Discovering Emerging Artists
“Casting my mind back to pre-Covid times, the avenues for sourcing artwork were global,” says Nick. “Seeing as the majority of my clients were tied to their desks, it was down to me to travel the world to find them what they were looking for. On a macro-scale, this meant bi-monthly trips, mostly following the art fair circuit (last year I attended 25 alone). On a micro-scale, it meant checking out art degree shows and going on countless studio visits closer to home. Unfortunately, we now find ourselves in more restrictive times, so most of my sourcing comes from PDFs and online viewing rooms. However, last week I managed to get to Budapest for their Contemporary Art Fair, which proved very fruitful.”
Work To Invest In Under £10,000
“For anyone looking for exquisite photographs, look no further than Takashi Arai,” says Nick. “Arai is a Japanese artist and filmmaker who relies on the traditional daguerreotype silver plate method, as opposed to more modern digital options, to create his work. This isn’t in an attempt to evoke nostalgia, but what makes Arai’s photographs unique is that he feels this is a more reliable way of capturing images and memory. This concept remains integral to his work, most evidently in a recent series called ‘Multiple Monuments for 1,000 Women’ currently on show in his gallery in London.”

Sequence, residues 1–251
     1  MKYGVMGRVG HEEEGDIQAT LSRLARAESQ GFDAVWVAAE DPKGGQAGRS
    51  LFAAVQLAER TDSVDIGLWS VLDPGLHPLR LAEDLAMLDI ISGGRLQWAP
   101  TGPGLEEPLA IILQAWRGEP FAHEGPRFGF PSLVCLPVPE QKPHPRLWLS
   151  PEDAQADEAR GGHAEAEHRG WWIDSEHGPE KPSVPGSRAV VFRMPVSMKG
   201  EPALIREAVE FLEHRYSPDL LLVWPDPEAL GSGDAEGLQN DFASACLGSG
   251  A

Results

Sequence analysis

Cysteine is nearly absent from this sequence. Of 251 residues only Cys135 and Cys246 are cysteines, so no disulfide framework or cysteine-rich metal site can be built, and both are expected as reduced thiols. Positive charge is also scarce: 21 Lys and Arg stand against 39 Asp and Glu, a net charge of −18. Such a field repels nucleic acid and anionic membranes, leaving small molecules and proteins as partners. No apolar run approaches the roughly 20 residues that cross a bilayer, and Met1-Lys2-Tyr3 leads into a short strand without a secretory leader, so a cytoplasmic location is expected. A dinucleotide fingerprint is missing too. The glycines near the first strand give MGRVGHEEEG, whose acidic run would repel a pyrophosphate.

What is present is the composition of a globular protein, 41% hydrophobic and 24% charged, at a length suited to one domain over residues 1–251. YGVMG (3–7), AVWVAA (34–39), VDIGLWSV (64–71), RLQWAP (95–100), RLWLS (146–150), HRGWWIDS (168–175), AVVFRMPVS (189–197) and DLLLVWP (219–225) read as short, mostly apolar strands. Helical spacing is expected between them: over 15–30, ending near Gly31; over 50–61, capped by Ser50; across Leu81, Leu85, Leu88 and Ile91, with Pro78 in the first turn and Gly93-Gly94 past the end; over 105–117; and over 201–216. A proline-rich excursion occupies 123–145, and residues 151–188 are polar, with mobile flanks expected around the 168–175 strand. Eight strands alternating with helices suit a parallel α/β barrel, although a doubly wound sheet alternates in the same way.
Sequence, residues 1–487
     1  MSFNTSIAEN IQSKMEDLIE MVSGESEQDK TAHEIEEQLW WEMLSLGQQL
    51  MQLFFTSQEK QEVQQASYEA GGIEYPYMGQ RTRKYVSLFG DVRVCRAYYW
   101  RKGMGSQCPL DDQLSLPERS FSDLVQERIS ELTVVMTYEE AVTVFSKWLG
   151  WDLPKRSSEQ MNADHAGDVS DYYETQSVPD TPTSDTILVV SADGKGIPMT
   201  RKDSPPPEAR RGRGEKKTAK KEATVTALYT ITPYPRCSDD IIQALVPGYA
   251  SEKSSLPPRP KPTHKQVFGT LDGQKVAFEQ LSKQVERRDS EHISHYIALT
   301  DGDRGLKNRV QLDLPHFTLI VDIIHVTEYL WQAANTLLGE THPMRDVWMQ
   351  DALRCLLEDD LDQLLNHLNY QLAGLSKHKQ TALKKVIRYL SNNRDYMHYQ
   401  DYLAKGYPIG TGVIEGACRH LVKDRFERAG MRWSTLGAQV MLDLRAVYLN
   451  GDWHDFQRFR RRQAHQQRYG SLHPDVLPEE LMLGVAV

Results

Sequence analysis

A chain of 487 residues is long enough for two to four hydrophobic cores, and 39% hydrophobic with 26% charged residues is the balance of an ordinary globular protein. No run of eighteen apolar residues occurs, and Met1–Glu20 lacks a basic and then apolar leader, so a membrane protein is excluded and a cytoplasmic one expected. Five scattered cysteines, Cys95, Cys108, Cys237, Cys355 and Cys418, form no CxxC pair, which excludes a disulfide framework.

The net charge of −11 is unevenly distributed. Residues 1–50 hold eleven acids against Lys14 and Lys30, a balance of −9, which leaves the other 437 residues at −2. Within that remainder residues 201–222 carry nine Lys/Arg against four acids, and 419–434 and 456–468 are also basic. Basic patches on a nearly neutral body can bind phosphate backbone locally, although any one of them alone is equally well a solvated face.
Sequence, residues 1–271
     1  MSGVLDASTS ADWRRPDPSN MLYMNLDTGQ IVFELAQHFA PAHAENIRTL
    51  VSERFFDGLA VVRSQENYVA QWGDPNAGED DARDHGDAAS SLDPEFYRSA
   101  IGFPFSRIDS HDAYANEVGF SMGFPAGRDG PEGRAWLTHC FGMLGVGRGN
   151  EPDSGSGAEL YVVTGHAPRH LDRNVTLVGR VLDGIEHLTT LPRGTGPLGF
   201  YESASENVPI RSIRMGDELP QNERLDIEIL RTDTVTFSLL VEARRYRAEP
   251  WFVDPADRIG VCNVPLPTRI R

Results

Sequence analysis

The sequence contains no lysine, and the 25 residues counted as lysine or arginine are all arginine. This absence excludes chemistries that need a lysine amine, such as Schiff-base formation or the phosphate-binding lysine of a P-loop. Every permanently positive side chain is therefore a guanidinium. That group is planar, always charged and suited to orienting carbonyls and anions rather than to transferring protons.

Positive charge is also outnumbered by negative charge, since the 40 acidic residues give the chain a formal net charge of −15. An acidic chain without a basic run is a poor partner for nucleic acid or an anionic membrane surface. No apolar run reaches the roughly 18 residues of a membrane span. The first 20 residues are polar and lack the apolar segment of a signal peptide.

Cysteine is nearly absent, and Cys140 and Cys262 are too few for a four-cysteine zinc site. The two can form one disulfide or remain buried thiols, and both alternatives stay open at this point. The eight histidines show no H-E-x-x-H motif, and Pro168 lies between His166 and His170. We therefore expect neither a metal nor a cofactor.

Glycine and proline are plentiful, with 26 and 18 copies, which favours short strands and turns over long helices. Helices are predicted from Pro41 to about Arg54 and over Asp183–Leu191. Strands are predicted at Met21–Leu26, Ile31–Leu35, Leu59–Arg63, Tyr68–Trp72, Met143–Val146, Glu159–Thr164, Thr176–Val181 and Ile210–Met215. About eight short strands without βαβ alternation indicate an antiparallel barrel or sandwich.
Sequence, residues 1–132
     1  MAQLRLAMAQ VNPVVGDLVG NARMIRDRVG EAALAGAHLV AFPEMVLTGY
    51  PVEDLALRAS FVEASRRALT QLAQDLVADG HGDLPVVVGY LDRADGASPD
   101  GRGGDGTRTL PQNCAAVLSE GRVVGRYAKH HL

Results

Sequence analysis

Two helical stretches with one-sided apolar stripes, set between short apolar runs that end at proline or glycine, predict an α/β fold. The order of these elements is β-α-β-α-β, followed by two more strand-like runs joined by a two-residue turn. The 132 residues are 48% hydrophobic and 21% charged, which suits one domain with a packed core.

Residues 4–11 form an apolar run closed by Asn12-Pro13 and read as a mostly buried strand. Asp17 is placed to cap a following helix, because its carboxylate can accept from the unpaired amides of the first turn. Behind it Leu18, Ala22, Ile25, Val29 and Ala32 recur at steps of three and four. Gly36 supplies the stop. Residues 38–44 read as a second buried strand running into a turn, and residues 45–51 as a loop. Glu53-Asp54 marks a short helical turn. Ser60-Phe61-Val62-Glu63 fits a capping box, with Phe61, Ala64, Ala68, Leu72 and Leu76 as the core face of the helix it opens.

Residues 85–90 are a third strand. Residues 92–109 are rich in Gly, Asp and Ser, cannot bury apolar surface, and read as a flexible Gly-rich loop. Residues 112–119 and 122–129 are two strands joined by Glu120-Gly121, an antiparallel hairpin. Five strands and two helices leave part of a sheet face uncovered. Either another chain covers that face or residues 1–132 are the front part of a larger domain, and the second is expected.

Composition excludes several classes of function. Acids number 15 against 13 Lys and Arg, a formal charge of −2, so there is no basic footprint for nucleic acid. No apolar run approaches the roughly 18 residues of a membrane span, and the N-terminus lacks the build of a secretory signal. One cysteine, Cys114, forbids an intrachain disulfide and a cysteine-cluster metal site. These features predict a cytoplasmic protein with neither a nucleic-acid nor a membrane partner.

Brendan Stuart Burns
“Brendan Burns is an artist who I have commissioned several times this year,” explains Nick. “He creates large abstract paintings inspired by the Pembrokeshire coast in Wales. Having long been drawn to the coast, he has spent more than 20 years drawing the varied landscape there, all of which is rich in life. The dynamic scenery with changing tides and dramatic weather patterns gives Burns the opportunity to reinvent how we see things through paint. The thick, impasto application of the paint on the canvas is almost like sculpting, as Burns adds and takes away, likening this to the rolling tides and the almost musical rhythm of nature.”
“Here we have an artist that I discovered earlier this year via Instagram (a platform that is becoming more and more fruitful),” says Nick. “It would seem I’m a little late in recognising her talent as she has already exhibited internationally. Most recently, Eleanor's works have been exhibited in Paul Smith's store as part of Mayfair Art Weekend, and competed in this year's 'Sky Portrait Artist of the Year'. She’s another young artist who first studied at UCL in 2017 and is still currently an art student at City and Guilds of London. Her inspiration comes from Old Master paintings, but she creates unique works with a contemporary twist on the traditional academic approach. Intricate compositions fluctuate before the viewers' eyes as human figures seem to float across the canvas, surrounded by foliage and glimpses of sky. Using her work to explore the relationship between absence and presence, in both a physical and psychological sense, Johnson takes traditional subjects such as the human figure (particularly that of the female nude), to portray familiar idyllic scenes reminiscent of oil paintings imbued with a contemporary nuance.”